7/17/1994 – 20 years later

Even at the outset I wasn’t a typical eight year old. I read the newspaper and encyclopedias, and I watched Saturday Night Live. I had started watching baseball the year before, and found myself enthralled with the fact that Scott Erickson had thrown a no-hitter just a few months prior to the day in question.

On July 17, 1994, I became an even more atypical eight year old.

They say time heals all wounds but quite frankly I don’t think that’s true. Continue reading

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I Met Jose Canseco

I received a press release a couple of months ago touting Jose Canseco visiting the Ridgedale FanHQ, and outside of tweeting it out I didn’t think much of it. Sure, it might be fun to meet the author of one of my favorite books, but I’ve long passed the days where I feel the need to meet someone and perhaps feel starstruck. The press releases for these come in quite regularly, and the list of athletes who visit really is quite cool. Former Twins like Joe Nathan, pro wrestling legends like Honky Tonk Man, and even local legends like Lou Nanne dot the landscape in addition to current Twins such as Brian Dozier and Trevor Plouffe. But Canseco? Man, that’s a little different. Kind of like him, right?

As the days drew closer to the event I flip-flopped about whether or not I’d like to go. On the eve of the event, I took a peek at the website and saw that it was $15 for a ‘posed photo.’ Silly, I thought, and wrote the idea off. Continue reading

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One on One with Phil Hughes

Phil Hughes makes his triumphant return to Yankee Stadium this weekend to make his first non-Yankees start at the place he used to call home. Hughes has been a revelation for the Twins so far this season, going 5-1 with a 3.23 ERA while primarily doing it throwing just a couple different fastballs and a curveball.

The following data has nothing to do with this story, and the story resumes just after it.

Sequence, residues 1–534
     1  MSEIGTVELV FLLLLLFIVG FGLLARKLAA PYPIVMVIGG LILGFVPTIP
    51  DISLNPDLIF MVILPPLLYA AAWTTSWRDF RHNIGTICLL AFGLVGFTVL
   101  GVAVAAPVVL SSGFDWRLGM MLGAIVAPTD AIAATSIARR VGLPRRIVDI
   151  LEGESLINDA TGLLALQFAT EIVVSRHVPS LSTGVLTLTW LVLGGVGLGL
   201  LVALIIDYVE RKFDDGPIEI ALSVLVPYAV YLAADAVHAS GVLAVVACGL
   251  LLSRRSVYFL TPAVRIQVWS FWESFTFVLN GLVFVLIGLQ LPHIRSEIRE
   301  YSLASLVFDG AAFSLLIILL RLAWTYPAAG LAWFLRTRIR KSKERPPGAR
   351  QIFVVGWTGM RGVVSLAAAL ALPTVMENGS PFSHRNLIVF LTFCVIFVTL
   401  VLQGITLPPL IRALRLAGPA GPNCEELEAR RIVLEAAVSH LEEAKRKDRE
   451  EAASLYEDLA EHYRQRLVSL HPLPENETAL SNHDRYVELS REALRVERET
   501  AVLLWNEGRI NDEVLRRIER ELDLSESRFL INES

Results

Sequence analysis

Hughes was kind enough to take some time to chat prior to Wednesday’s 1-0 loss to the Texas Rangers to talk about the season that’s been, and the weekend to come.

Brandon Warne: “In terms of repertoire, it’s pretty obvious you have changed some things coming into this year. What’s gone into that thought process?”

Phil Hughes: “Obviously when you have the year that I had last year, you figure any change will be a good change. So this offseason, I sort of thought about it to myself for a little bit about what I can do to get better — to turn things around. My slider was kind of a pitch that got me out of some spots last year I guess you could say, but it definitely wasn’t a quality pitch. I just started to think back about what type of pitcher I was at my best, whether that was in the minor leagues, or when I first came up…stuff like that. The curveball was always at the forefront of that. So that was kind of the reasoning behind going back to the curveball and scrapping the slider. I was just like “my curveball can be good; I know it can be good. I just have to work on it, and focus on it, and throw it.” So that was a decision I made this offseason. I talked to Andy about it, and it kind of went from there.”

BW: “Was it kind of a ‘less is more’ approach, just honing in on different things, or was it just knowing what you could and couldn’t command, and going to war with it?”

PH: “I was just trying to think back about when I was at my best, and what I was doing well. I was commanding my four-seam, curveball, and occasional changeup. I feel like my cutter has become a complementary pitch to that. I’m able to throw it to both sides of the plate. I can back door it to lefties and front door it to righties, and obviously in to lefties and away from righties. I just wanted the curveball to be back to the pitch I knew it could be, and knew it was capable of being. I felt like the slider was getting in the way of that development I guess.”

BW: “And now your command has been great this year. I don’t necessarily mean walks as much as your zone percentage, or percentage of pitches you’ve thrown in the strike zone. You’re at a career best. Has that been throwing a fastball predominantly, or has it been better execution, or something else?”